“Exactly,” Jim replies, and while there is a smile that accompanies it for the humor, it’s a little tight. Probably for the same reason that he’s speaking pretty quietly now. “I guess it seemed like a good idea. I’m not quite sure why, but there you go.”

He shrugs, reaching up to rub his head again as his eyes crack open to look at Orwell again. The ‘namaste’ has him eyeing the other man a little bit, but he just shakes his head. “I don’t know,” he says. “I wasn’t even sure this would work.” A beat; then: “I’d know it if I saw it again.” As though that would help — wandering around until he sees a place he recognizes.

“Well, now you know you can make it happen. That’s something. Maybe I should try that. I think I’d probably have to take a Xanax first to sit as quiet as you did,” Orwell says, and clearly it’s killing him to be sitting in one place as long as he has been.

He holds out a hand to help the other man up, then starts kicking dirt into the ring of flames. “You should probably rest your noggin a bit. I don’t get a headache either — so weird. But my version’s pretty useless, even if it’s less annoying.” He shrugs again. “The grass is always greener, probably. Let’s get back to civilization, yeah? I’m dying for an iced coffee.”

One Day Later

It’s a good thing, really, that it worked — Jim is trying to remind himself that today, but it’s a bit harder to with the residue of a bad vision hangover and the knowledge that he’s about to try it again, even though that’s probably even more ill-advised than just doing it once. Trying to induce another vision this soon after the other is stepping very far out into unknown territory.

However, there are quite a few lingering questions about the first, and so he’s gone out again to try and answer them.

The day is warm, a bit humid, but lush greenery of Park Slope makes it a touch cooler than the parts of the Safe Zone where asphalt and concrete haven’t been overtaken by the plant life. There’s a strange juxtaposition that comes in such places. What was once a beautiful neighborhood is now bereft of people and all the noise that comes with them — children laughing, car horns, music playing from stereos or the chatter of neighbors talking. There’s loss here, but there’s also hope, symbolized by the earth’s ability to reform itself after disaster.

The fire from yesterday is still there and it’s easy enough to start up again. While it might seem like they’re far from civilization, as Orwell had said, Jim has modern means of kindling the flames anew. After a few moments, he slips into the trance and into that place that is neither here nor there, neither today nor tomorrow.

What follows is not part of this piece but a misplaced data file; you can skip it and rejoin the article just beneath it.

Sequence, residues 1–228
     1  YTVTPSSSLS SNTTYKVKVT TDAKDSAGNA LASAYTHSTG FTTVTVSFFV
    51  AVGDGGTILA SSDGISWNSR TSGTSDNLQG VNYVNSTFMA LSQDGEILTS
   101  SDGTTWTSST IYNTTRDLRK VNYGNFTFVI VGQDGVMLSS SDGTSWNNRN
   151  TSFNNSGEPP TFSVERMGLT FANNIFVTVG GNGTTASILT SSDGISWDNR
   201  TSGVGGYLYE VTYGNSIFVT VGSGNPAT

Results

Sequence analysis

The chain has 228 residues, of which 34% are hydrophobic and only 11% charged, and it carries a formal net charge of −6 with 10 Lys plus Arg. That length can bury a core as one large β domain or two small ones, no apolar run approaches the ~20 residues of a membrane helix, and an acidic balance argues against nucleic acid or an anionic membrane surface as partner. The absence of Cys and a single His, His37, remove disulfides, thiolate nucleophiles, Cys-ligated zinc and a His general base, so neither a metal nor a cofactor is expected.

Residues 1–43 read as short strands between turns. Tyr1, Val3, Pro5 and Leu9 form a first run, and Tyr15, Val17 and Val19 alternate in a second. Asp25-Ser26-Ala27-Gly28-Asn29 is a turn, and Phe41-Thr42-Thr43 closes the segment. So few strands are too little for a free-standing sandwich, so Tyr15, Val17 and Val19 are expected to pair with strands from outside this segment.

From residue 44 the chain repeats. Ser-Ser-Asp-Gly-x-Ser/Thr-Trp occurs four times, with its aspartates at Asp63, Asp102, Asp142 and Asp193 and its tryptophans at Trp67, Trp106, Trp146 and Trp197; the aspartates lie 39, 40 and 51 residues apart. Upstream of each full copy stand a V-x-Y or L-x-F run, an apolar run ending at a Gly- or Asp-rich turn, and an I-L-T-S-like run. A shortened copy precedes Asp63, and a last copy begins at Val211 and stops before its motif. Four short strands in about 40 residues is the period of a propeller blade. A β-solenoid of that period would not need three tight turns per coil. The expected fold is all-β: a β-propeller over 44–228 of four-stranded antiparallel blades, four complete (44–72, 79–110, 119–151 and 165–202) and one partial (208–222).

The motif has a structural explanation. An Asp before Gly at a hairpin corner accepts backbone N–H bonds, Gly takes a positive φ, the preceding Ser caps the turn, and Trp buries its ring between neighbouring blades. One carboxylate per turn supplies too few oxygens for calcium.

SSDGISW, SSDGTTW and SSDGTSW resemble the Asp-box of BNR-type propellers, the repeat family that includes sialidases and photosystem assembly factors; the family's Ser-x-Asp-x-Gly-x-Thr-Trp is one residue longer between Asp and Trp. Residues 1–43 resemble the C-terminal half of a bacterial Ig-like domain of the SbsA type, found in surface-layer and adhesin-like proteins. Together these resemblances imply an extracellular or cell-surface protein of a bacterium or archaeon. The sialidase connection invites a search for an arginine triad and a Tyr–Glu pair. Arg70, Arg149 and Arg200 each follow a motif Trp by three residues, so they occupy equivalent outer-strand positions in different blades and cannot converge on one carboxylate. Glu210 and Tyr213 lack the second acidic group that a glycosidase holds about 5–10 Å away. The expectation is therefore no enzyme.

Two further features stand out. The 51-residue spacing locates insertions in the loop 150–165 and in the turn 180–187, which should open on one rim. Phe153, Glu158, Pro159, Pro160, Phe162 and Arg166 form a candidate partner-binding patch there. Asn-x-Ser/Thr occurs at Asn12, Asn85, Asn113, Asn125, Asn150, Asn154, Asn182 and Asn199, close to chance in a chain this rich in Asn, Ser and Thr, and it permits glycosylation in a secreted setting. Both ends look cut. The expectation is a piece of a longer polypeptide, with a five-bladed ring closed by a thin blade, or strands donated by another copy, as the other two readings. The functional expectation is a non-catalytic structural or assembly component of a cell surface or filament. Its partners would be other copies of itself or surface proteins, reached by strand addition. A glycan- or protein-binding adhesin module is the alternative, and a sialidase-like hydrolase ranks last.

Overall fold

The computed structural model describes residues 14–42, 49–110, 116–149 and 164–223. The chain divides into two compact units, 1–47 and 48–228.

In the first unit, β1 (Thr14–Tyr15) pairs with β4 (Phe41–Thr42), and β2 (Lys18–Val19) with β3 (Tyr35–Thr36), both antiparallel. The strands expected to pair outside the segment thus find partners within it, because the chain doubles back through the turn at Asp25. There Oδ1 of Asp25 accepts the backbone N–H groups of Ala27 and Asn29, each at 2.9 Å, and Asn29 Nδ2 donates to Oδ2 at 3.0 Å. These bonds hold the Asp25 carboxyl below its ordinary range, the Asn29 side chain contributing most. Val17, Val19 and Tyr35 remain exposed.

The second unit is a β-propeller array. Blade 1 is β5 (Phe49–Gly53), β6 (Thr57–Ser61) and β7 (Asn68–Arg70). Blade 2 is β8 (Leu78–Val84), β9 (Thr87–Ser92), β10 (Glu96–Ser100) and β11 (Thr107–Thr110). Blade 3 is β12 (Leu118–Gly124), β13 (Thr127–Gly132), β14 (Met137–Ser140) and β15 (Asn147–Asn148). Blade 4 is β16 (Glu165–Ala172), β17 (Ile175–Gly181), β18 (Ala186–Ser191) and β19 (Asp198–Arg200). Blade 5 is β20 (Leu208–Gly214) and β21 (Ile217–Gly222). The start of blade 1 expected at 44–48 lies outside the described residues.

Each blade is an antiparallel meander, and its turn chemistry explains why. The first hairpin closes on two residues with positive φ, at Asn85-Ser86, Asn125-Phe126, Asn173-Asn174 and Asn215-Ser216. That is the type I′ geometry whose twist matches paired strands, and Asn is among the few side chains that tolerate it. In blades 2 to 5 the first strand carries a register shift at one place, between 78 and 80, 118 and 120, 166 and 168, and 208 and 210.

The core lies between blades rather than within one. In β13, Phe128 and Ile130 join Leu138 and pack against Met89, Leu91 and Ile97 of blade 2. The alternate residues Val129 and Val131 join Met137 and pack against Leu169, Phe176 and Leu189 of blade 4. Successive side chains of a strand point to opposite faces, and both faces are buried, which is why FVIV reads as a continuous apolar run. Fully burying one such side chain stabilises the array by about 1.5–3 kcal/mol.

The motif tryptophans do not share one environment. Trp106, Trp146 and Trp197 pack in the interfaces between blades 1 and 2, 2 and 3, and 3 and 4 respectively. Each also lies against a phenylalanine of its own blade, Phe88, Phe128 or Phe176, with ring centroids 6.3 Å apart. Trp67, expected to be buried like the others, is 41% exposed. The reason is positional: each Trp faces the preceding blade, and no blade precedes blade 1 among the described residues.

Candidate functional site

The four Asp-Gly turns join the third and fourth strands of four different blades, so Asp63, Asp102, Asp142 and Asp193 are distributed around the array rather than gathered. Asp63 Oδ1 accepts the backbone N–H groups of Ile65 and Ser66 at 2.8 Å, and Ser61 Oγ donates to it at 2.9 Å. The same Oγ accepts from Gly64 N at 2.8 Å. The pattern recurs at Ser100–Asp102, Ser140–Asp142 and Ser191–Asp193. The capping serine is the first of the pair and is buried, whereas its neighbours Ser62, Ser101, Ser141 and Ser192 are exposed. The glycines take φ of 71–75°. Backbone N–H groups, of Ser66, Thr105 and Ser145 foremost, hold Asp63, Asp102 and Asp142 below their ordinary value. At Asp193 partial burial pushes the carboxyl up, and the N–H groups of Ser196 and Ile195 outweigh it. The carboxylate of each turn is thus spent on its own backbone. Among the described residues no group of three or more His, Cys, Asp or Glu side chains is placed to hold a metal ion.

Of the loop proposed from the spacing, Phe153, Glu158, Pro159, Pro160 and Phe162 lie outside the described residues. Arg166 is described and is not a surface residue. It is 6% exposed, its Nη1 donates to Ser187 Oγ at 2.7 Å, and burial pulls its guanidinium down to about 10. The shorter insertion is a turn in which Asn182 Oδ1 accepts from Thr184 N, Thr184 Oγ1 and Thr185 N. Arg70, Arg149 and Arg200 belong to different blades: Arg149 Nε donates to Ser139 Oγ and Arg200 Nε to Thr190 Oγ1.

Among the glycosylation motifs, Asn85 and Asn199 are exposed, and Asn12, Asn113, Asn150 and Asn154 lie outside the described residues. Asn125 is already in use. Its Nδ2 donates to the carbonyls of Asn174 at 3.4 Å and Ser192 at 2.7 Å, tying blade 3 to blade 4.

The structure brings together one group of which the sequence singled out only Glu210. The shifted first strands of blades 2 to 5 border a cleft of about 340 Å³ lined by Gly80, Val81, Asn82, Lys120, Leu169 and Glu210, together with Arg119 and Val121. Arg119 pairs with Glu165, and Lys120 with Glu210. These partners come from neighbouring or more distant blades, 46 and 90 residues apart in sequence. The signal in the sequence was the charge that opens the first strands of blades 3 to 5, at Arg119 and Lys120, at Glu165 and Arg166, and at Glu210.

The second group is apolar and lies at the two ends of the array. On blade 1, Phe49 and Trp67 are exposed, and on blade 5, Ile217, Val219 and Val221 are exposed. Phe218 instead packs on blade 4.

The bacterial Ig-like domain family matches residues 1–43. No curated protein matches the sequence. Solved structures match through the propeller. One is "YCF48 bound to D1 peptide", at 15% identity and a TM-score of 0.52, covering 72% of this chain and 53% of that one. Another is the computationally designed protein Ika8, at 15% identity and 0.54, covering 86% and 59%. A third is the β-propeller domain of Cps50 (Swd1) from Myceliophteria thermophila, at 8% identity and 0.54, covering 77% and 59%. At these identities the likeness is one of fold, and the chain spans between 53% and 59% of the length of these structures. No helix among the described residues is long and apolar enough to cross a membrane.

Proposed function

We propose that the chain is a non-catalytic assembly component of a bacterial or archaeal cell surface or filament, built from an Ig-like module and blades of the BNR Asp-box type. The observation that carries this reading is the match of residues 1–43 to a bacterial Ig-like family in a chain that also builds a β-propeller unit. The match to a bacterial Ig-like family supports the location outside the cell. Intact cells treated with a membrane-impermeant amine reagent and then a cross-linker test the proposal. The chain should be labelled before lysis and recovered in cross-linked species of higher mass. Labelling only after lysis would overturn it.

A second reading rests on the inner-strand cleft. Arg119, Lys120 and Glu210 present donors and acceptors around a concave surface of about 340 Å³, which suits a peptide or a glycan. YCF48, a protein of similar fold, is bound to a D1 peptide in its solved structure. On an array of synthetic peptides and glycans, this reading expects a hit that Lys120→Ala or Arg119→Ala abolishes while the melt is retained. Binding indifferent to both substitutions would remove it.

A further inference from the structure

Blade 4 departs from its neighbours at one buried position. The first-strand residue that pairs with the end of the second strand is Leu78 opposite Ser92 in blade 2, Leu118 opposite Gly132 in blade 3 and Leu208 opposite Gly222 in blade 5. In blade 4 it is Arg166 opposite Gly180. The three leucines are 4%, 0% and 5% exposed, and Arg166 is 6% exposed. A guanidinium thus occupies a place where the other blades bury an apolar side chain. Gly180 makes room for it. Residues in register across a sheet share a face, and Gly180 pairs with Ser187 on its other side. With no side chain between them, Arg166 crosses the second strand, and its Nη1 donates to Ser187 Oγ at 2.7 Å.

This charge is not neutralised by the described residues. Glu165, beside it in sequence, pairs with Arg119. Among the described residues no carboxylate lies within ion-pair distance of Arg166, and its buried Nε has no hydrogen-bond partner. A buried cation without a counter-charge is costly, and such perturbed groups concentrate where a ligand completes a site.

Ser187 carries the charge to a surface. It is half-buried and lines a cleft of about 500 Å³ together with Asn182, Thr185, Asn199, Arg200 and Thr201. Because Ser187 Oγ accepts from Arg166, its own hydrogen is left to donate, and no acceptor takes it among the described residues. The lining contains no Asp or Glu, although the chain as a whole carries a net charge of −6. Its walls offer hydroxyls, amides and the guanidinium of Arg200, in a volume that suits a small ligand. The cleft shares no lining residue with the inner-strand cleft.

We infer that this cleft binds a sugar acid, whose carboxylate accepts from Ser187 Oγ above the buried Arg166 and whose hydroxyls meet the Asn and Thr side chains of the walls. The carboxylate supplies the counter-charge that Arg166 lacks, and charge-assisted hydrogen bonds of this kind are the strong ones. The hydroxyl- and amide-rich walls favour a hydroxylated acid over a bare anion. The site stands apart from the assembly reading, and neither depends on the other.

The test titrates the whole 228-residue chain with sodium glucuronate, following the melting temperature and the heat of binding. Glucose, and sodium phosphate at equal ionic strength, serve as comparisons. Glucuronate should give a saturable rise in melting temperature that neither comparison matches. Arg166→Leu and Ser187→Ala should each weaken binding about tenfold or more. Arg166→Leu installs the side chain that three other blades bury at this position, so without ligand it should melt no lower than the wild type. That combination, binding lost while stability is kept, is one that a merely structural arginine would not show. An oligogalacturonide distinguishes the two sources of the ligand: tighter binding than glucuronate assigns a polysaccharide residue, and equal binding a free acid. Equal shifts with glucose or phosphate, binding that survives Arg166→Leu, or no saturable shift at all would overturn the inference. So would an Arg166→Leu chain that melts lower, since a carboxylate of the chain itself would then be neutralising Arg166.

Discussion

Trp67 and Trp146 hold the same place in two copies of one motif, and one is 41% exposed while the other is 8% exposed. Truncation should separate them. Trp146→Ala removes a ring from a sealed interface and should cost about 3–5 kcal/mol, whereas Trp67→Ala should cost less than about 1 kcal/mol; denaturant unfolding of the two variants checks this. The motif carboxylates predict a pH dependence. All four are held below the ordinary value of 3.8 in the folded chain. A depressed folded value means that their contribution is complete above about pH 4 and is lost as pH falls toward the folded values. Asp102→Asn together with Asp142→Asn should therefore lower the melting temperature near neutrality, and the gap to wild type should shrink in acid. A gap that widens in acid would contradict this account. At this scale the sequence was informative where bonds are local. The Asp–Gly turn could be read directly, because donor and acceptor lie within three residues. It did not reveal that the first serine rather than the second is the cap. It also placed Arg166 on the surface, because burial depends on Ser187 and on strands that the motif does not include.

Tick. Tock.

The same metronomic ticking seems to fill Jim’s chest and pulse points.

This time, his focus is on those questions he’s been murmuring to himself in his head, the mantra that’s put him in this trance state. Where? When? How can he help? Images flood his vision. Roads he’s familiar with, signposts, as if filmed at a fast-clip and fast-forwarded together. 206. 70. 9.

It’s the Pine Barrens.

He sees hands — his hands — picking up boxes of medication and putting them into a bag. He sees an unfamiliar face of a young woman dressed in strange clothes, a cloak, a dress. He sees the forest, dark and foreboding in feel in a way nature has never seemed to him before. He feels out of place as he enters it. He feels time shrinking around him as he moves through it. Hurry. Every sense seems to scream at him.

Tick. Tock.

He sees ahead those people from his time, those he feels he knows somehow, even if he can’t quite make out their faces. This feels better, to be with those from his own time, but the ticking of the clock reminds him they don’t belong here.

With a sudden roar, the head of a red-eyed beast fills his mind’s eye. The ungodly thing is a mix of ursine and porcine features, with slavering jaws and hot, putrid breath. He can’t see them, but Jim can swear he hears the sound of flapping wings. It snarls and snaps.

And Jim’s eyes open again, the tick of the clock echoing in his ears.